Mr. KEOHANE: Each wire would be good enough that he started training five pickpockets underneath him. And then they would train five, and they would train five, and it would just keep the system going. It used to happen a lot more. In New York, you'd have organized pickpocketing schools in New York.

Mr. SHERMAN POWELL: Good evening, ladies and gentlemen. My name is O.T., and I'm a retired pickpocket.

(Soundbite of laughter)

RAZ: That's Sherman "O.T." Powell, speaking to an audience at the Moth, a storytelling organization in New York. When we reached him at his home in Harlem this week, he described training at a pickpocketing school in 1969 in a room full of dressed mannequins.

Mr. POWELL: They would have these bells on them, and so your hand had to be light enough to lift this wallet and yet not let the bell ring. And like my teacher used to say, you had to be like a pianist.

RAZ: O.T. trained for three months. Then, he hit the streets.

(Soundbite of music)

Mr. POWELL: You dress in a suit or nice casual clothes. You look clean-cut.

RAZ: On a good day, he could make two grand.

Mr. POWELL: My toughest picks were when I started going to Macy's. They had these revolving doors. And I mean, going through that door and opening up a woman's pocket, get the wallet and then close the bag. And as she's going into the store, you're just revolving right back out to the street and hailing a taxi.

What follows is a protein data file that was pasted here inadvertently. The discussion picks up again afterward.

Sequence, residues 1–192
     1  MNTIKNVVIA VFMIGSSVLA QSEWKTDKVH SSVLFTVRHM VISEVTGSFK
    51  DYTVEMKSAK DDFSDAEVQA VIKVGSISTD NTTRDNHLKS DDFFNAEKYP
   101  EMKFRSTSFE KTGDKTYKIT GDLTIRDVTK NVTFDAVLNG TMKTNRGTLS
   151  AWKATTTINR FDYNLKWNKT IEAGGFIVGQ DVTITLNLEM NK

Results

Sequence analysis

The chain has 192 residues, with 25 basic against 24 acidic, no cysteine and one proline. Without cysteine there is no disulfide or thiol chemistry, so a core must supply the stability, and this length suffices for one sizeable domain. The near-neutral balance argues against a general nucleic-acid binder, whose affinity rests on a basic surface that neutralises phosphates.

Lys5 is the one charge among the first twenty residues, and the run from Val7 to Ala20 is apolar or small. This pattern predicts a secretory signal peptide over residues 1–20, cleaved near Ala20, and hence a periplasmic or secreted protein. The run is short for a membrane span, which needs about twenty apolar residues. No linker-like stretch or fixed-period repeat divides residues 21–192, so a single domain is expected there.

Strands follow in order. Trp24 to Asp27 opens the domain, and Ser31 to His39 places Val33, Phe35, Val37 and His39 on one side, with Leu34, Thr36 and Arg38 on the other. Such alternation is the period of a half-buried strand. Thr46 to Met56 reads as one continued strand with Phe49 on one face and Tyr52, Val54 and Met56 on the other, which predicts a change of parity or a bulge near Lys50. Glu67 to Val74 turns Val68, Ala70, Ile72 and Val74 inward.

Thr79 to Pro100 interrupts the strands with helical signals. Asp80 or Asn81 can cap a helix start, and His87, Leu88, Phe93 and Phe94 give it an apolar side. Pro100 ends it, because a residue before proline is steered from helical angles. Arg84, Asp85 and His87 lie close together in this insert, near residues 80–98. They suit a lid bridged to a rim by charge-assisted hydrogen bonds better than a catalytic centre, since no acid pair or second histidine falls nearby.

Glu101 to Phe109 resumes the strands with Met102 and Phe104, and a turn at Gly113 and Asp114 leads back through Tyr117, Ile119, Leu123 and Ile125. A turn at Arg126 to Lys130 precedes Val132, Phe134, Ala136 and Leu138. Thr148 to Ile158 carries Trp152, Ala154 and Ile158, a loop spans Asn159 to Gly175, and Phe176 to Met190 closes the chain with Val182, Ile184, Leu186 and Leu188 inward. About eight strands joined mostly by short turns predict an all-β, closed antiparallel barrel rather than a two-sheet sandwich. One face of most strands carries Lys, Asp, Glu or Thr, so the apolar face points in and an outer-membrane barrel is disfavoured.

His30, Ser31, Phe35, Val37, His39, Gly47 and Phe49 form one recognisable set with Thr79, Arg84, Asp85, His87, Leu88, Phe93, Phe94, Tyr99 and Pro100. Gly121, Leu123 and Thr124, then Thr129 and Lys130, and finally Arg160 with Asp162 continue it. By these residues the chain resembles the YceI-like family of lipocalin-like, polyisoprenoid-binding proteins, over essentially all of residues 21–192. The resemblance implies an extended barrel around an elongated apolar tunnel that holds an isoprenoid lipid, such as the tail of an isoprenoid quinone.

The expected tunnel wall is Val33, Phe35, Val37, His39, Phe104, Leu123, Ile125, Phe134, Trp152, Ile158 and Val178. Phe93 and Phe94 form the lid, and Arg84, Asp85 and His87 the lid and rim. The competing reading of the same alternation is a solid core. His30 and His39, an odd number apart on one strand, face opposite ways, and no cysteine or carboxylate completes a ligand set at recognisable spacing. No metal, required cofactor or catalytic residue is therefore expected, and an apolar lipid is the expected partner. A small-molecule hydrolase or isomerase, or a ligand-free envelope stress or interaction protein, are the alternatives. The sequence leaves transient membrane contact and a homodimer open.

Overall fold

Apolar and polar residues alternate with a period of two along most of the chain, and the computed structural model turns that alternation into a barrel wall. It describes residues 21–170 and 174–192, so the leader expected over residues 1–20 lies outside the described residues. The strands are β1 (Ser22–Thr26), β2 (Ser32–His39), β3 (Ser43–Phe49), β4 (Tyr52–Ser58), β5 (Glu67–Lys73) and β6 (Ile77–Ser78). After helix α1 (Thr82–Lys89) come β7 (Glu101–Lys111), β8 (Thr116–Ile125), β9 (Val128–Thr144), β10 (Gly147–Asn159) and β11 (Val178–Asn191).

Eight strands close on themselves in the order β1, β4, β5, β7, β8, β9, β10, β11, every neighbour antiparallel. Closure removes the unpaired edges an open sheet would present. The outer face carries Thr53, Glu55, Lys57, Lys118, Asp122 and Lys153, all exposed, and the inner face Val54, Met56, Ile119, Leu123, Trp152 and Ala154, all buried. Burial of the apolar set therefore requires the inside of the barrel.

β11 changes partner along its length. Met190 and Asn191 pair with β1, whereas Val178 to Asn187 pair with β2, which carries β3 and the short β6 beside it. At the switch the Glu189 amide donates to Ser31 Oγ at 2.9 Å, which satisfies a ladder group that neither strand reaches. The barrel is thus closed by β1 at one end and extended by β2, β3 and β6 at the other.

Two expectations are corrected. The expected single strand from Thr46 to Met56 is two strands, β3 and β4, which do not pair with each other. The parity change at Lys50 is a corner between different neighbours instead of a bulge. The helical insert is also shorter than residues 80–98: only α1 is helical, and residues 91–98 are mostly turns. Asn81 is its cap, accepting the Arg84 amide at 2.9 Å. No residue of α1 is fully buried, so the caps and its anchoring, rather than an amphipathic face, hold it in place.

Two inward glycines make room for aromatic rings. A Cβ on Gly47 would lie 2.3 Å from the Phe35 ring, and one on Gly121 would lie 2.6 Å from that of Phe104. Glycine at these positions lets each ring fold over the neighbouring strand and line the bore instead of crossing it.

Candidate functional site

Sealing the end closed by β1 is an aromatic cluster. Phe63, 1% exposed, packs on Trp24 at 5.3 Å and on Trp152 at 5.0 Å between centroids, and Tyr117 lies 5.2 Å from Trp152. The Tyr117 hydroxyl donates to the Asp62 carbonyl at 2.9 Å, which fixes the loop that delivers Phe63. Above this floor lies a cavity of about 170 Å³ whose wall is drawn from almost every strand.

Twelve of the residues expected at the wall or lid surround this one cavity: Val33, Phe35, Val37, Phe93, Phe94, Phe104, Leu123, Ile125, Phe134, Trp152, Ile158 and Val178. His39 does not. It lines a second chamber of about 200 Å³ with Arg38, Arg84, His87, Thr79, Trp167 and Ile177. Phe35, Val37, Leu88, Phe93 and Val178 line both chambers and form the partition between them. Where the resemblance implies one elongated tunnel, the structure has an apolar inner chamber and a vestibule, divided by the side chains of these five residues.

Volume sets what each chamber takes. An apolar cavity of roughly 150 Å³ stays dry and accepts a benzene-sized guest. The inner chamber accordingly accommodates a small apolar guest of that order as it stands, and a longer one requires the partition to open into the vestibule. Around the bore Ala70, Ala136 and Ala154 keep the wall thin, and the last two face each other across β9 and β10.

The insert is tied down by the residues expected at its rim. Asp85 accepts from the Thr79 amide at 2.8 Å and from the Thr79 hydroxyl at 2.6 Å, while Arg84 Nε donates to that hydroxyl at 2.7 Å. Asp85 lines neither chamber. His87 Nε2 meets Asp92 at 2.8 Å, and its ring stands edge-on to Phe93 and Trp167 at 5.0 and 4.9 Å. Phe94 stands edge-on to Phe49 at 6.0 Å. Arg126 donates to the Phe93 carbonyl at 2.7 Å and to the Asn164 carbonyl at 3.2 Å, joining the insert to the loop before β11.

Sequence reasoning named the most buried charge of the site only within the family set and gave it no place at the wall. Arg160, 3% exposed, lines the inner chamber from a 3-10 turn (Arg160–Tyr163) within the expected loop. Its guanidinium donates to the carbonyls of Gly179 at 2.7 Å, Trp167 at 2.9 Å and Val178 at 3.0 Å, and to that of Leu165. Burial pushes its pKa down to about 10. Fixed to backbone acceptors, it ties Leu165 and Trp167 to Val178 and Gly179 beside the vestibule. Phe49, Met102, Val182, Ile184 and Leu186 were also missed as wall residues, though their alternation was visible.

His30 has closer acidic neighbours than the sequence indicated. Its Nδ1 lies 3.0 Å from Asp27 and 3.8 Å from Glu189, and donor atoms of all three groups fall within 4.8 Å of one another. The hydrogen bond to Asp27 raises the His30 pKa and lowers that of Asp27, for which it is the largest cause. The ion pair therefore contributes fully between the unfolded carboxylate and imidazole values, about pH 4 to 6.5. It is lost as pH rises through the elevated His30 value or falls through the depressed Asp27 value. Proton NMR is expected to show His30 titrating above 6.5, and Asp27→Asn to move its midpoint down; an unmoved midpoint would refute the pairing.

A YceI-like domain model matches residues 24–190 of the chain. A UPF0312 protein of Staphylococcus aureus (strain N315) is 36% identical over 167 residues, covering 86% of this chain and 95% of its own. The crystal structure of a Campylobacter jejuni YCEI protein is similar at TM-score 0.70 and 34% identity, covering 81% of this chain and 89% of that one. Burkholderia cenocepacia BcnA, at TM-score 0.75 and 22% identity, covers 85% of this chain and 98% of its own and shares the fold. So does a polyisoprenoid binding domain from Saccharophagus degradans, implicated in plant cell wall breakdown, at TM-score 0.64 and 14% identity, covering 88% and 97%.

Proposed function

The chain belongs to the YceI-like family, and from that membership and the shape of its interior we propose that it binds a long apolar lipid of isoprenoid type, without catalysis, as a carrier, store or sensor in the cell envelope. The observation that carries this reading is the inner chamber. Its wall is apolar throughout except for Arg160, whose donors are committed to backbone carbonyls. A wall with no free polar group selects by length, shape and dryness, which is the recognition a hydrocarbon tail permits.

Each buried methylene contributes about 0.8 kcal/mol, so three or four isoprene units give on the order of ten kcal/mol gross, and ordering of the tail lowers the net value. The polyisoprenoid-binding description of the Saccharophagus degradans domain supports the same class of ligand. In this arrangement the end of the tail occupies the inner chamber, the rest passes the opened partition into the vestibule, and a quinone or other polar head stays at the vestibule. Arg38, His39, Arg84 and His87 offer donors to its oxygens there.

RAZ: O.T. says he couldn't do that kind of work today even if he wanted to. Pickpockets everywhere now face stepped-up surveillance and cameras. And the wide use of debit cards hasn't helped.

Mr. POWELL: When people stopped carrying money, that was the beginning of the end of the pickpocketers.

RAZ: Not to mention, he says, it's a lot easier for criminals to just use a weapon.

Mr. POWELL: Pickpockets don't have no respect for thugs or robbers. You know, we consider them, you know, ancient, you know, prehistoric. We feel that anybody can stick a gun in a person's face and just - that's not hard to do. But to take a person's money and them not knowing it's gone, that's the art of it. That's the cleverness of it.

Mr. KEOHONE: Yeah, it's funny. I mean, is it okay to be nostalgic for a crime? Probably not. You know, it's probably good that people aren't being robbed anymore or with the frequency that they were before. But your tendency, your nostalgic tendency, is to mourn for the loss of something that requires skill and style and panache.

(Soundbite of movie, "Ocean's Eleven")

Mr. CLOONEY: (As Danny Ocean) You're either in, or you're out, right now.

Mr. KEOHONE: And in a lot of ways, this is the way that pickpockets have been viewed, you know, for age eternal.

(Soundbite of movie, "Ocean's Eleven")

Mr. CLOONEY: (As Danny Ocean) That's the best lift I've seen you make yet.

(Soundbite of song, "A Little Less Conversation")

RAZ: Joe Keohane. His story on the lost art of pickpocketing appeared in Slate magazine. Sherman "O.T." Powell is writing an autobiography. His story first aired on "The Moth Radio Hour" presented by PRX. You can find it and others at themoth.org.

(Soundbite of song, "A Little Less Conversation")

Mr. ELVIS PRESLEY (Singer): (Singing) A little less conversation a little more action, please. All this aggravation ain't satisfactioning me. A little more bite and a little less bark, a little less fight...